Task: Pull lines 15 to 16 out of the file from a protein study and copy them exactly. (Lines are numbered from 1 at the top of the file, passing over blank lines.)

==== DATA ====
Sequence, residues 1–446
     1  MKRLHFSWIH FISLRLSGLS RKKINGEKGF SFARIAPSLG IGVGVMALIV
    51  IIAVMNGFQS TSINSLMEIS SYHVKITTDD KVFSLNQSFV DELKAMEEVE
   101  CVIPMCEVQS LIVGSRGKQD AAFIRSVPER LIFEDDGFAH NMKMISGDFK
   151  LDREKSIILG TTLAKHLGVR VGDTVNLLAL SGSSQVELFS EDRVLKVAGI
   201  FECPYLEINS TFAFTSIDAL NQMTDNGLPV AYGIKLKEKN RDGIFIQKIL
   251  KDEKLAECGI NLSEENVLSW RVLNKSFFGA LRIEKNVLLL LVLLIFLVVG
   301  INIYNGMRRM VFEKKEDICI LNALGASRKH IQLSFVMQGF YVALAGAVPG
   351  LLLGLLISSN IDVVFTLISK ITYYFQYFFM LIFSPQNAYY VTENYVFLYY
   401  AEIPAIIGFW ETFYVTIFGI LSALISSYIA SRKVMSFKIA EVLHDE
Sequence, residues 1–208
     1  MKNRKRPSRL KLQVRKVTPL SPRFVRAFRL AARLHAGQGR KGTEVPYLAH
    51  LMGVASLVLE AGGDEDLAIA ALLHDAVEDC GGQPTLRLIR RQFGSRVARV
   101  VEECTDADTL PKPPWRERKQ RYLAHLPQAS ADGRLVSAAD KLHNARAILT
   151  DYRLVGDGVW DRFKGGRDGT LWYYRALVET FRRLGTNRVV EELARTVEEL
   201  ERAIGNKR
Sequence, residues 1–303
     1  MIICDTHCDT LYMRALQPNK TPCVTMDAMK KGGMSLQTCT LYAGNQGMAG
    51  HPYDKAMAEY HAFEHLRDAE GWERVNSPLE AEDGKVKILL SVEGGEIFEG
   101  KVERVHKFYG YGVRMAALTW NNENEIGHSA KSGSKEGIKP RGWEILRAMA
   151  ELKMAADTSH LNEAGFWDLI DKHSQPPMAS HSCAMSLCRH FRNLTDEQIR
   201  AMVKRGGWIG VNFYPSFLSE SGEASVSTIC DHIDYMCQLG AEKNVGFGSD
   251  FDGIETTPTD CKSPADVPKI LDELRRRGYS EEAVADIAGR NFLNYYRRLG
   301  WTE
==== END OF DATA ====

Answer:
   151  DYRLVGDGVW DRFKGGRDGT LWYYRALVET FRRLGTNRVV EELARTVEEL
   201  ERAIGNKR